Wyden-Grassley Staff Proposes Level Playing Field for Oil Trade
Draft legislation would eliminate tax breaks that have helped to encourage record levels of speculation
WASHINGTON, D.C. - In an effort to reduce excessive speculative trading in oil and other commodities, U.S. Senator Ron Wyden (D-Ore.) a member of the Senate Finance and Energy Committees and the ranking member of the Senate Finance Committee, Chuck Grassley (R-Iowa) are circulating a staff discussion draft of tax fairness legislation today that would end lucrative tax breaks that speculators enjoy by taxing all the profits they earn on the oil commodities market at the same rate as ordinary income. Since 2000, commodities markets have been flooded with hundreds of billions in speculative investments in oil and gas commodities which many experts believe have helped drive energy prices to record levels.
Under current tax law, commercial buyers —such as airlines, trucking companies, and independent refiners —who need to buy oil or other fuels or futures contracts in order to run their businesses, pay ordinary income tax on any profits from such trading. By contrast, for-profit speculators pay lower capital gains rates on their profits and tax-exempt investors—such as pension funds and university endowments—pay no taxes on these investments. Under the Wyden-Grassley staff's draft proposal, everyone directly purchasing oil and natural gas (or related products like diesel fuel), or indirectly through futures contracts, commodity index funds or other investment strategies, would be taxed as if they were commercial commodity traders.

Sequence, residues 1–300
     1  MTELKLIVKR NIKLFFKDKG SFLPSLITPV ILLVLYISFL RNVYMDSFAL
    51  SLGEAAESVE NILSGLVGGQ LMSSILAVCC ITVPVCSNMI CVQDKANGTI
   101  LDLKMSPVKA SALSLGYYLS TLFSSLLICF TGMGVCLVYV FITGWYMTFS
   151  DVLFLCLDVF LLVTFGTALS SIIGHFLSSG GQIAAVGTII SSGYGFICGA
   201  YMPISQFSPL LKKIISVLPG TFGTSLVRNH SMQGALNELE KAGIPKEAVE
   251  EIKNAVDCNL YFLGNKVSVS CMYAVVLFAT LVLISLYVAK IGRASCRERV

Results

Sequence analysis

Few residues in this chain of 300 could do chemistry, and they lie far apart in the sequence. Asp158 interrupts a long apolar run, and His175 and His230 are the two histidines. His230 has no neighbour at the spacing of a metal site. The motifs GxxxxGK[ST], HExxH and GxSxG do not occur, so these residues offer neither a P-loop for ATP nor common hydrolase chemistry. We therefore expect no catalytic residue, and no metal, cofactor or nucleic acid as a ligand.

"Essentially the current system is giving speculators tax incentives to bid up the prices of oil," said Wyden. "We just don't think the tax code should favor one set of buyers and sellers over another. That is how markets get distorted."
Grassley said, "Tax policy should be fair. The public comments on this draft proposal will help us determine fair tax treatment of oil and gas speculators."
In 2000, speculative trading in the oil futures markets accounted for 37 percent of crude oil trading on the New York Mercantile Exchange, today that number has grown to more than 70 percent of trading. More oil contracts are being held by financial firms—who see oil as an investment opportunity— than the collective demand of companies that need to purchase oil and other oil products to operate.
"We are not under any illusion that speculation is the only cause of high oil prices," said Wyden. "But looking at the enormous fluctuations in the oil market from one week to the next, it's pretty clear that the number of drivers in China didn't double overnight. If we want to do something about the skyrocketing price of oil, we have to look at speculation."
Wyden and Grassley are soliciting comments on their staff's draft proposal the draft proposal can be viewed at: http://wyden.senate.gov/issues/Legislation/oilspecdraft/wyden-grassley.cfm